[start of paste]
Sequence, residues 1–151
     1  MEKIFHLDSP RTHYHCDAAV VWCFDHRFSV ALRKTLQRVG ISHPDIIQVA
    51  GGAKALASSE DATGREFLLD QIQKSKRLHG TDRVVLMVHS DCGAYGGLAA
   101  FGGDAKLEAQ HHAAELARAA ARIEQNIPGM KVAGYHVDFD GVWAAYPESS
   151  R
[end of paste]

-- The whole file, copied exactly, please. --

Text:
Sequence, residues 1–151
     1  MEKIFHLDSP RTHYHCDAAV VWCFDHRFSV ALRKTLQRVG ISHPDIIQVA
    51  GGAKALASSE DATGREFLLD QIQKSKRLHG TDRVVLMVHS DCGAYGGLAA
   101  FGGDAKLEAQ HHAAELARAA ARIEQNIPGM KVAGYHVDFD GVWAAYPESS
   151  R